Last modified on 8 July 2014, at 01:21

doughnut

EnglishEdit

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Alternative formsEdit

EtymologyEdit

dough +‎ nut, 1809.[1] Originally small, nut-sized balls of fried dough, with the toroidal shape becoming common in the twentieth century. First attested in Knickerbocker’s History of New York, by Washington Irving, 1809.

PronunciationEdit

  • IPA(key): /ˈdəʊnʌt/
  • Hyphenation: dough‧nut

NounEdit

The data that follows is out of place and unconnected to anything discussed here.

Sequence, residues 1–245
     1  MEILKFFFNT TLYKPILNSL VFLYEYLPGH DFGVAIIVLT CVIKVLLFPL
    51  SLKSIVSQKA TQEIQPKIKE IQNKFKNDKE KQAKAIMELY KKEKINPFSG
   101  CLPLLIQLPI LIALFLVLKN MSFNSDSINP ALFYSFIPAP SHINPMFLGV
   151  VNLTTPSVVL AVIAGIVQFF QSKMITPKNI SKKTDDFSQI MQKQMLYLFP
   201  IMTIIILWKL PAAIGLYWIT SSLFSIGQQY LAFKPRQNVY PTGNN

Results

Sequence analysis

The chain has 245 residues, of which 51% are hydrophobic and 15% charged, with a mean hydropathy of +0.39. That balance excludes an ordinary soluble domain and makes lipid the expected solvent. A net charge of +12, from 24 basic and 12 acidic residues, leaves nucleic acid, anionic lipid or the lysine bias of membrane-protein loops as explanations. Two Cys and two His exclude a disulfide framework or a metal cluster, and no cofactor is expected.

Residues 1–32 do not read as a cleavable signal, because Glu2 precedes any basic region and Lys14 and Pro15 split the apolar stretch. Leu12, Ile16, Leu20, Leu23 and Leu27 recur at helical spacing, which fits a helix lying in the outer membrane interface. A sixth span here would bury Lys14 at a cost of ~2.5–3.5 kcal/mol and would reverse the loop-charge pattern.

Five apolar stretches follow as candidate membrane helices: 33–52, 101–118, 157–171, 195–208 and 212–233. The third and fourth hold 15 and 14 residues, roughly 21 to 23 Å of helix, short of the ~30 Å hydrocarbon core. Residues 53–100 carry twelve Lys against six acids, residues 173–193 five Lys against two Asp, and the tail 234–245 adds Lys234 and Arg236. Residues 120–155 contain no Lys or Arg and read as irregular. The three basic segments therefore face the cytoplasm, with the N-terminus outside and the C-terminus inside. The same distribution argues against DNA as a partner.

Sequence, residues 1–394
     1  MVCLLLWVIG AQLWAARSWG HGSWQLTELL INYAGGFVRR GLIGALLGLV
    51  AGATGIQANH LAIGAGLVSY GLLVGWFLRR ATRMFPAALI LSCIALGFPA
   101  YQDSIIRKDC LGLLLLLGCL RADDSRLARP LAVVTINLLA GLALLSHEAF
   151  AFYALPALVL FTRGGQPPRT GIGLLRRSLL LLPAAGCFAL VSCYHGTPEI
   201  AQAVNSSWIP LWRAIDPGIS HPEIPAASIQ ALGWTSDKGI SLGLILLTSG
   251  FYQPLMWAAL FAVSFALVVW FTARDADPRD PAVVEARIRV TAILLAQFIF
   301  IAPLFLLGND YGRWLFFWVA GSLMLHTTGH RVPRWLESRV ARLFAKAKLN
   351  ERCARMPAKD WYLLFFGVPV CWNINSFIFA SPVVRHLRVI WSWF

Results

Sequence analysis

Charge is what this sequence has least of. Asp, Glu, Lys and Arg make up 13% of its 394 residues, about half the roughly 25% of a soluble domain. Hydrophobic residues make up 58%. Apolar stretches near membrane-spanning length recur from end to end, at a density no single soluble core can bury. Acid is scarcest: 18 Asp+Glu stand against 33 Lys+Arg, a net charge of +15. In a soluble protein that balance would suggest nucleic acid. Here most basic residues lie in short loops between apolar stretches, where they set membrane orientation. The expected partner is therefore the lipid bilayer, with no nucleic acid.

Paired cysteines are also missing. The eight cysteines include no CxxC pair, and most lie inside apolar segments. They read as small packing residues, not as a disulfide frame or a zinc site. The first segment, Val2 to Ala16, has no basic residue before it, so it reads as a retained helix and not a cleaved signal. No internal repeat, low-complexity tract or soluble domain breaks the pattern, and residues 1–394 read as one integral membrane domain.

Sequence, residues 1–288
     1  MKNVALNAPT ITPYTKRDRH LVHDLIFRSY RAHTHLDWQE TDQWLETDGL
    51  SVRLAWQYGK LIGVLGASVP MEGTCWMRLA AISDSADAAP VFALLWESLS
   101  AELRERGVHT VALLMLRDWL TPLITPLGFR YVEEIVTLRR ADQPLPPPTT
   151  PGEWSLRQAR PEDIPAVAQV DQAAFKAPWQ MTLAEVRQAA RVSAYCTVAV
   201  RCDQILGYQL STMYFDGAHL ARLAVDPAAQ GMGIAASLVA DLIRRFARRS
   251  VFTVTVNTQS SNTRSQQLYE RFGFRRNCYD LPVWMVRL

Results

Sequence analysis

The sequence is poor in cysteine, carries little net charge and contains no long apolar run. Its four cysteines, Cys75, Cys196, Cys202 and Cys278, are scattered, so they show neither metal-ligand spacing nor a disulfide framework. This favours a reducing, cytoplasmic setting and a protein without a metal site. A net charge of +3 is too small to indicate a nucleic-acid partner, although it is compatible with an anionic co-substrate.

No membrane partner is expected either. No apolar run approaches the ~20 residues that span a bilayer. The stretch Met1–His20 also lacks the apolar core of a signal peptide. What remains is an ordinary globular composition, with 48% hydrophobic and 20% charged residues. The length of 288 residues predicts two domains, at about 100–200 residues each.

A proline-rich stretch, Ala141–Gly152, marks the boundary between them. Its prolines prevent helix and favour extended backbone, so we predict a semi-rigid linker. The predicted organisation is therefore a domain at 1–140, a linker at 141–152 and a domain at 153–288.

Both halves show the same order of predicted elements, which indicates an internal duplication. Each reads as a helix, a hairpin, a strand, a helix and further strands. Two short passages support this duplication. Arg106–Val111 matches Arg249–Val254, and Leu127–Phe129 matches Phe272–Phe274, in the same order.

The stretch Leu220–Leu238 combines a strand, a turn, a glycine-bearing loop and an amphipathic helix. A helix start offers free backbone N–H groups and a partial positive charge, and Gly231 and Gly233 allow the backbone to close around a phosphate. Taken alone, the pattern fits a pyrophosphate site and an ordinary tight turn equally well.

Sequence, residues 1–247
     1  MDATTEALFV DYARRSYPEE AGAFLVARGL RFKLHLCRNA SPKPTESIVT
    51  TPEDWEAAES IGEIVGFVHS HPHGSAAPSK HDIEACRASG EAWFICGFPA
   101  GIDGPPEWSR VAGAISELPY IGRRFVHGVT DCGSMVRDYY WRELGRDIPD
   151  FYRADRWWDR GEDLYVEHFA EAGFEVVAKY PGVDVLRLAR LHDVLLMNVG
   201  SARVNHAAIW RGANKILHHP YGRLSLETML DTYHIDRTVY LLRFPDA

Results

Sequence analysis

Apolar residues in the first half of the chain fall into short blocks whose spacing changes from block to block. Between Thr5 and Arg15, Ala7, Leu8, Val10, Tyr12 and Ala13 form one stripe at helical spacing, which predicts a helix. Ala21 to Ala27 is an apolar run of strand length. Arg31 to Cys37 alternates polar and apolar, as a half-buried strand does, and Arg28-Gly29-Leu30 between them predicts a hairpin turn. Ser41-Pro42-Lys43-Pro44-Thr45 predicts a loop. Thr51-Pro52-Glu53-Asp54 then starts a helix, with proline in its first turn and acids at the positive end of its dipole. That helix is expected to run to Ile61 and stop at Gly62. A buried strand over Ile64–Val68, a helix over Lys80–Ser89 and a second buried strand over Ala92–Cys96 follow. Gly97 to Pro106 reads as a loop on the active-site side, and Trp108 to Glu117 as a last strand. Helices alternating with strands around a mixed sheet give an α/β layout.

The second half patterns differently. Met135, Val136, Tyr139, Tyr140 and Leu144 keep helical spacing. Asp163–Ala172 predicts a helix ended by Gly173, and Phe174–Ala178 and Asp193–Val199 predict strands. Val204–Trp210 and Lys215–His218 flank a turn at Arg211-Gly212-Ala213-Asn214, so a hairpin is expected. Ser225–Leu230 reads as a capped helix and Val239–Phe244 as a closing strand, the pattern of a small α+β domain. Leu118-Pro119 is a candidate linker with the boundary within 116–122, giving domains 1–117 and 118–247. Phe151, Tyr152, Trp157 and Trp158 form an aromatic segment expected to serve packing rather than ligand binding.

filled doughnuts

doughnut (plural doughnuts)

  1. A deep-fried piece of dough or batter, commonly of a toroidal (a ring doughnut) often mixed with various sweeteners and flavourings; or flattened sphere (a filled doughnut) shape filled with jam, custard or cream.
  2. Anything in the shape of a torus.
  3. (North America) A peel-out or skid mark in the shape of a circle; a 360-degree skid.
  4. A spare car tyre, usually stored in the boot, that is smaller than a full sized tyre and is only intended for temporary use.

SynonymsEdit

  • (anything in the shape of a torus): ring, torus

TranslationsEdit

See alsoEdit

ReferencesEdit

  1. ^ doughnut”, Wordorigins.org, Dave Wilton, Sunday, June 11, 2006.